Mysticism, Trauma, and Catastrophe in Angela of Foligno's <i>Book</i> and Bataille's <i>Atheological Summa</i>

in Sensible Ecstasy

Published by University of Chicago Press

Published in print January 2002 | ISBN: 9780226349510
Published online March 2013 | e-ISBN: 9780226349466 | DOI:
Mysticism, Trauma, and Catastrophe in Angela of Foligno's Book and Bataille's Atheological Summa

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This chapter describes how masochistic self-shattering is both ethical and religious, and is modeled directly on the meditative practices of late medieval mysticism. Bataille suggests that the Christian mystical tradition is double in his three-volume Atheological Summa, written during the Second World War. The mystic desires to be “everything/all/whole” and thus, to find a place within a scheme of salvation that redeems human suffering and renders the body immortal. The very strength of the mystic's desire and her insistence on apprehending death and mortality in the figure of Christ mark the mystical as the site in which the human being recognizes that she cannot and never will be “everything.” Bataille links his work to that of the Christian mystical tradition and insists on his difference from that tradition (in that it returns to salvation), for he seeks an “inner experience” without God and without hope of redemption.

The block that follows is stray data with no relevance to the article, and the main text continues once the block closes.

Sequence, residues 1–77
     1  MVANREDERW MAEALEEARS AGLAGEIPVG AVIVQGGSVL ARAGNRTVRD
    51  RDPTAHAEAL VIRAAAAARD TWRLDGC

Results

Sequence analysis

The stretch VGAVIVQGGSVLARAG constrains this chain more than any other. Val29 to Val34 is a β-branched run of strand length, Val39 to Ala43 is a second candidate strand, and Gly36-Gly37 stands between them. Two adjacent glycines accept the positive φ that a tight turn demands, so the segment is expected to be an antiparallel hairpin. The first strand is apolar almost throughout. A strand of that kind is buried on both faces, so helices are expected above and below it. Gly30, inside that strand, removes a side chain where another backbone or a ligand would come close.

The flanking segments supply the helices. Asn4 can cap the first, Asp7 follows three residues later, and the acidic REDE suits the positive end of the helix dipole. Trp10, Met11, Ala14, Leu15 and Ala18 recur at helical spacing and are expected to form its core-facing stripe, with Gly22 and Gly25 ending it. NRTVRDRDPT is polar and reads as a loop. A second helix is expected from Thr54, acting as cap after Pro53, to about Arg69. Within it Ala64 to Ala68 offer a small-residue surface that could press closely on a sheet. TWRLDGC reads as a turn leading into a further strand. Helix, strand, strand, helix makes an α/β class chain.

Keywords: masochistic self-shattering; Bataille; Atheological Summa; inner experience; Christian mystical tradition

Chapter.  11643 words. 

Subjects: Early Christianity

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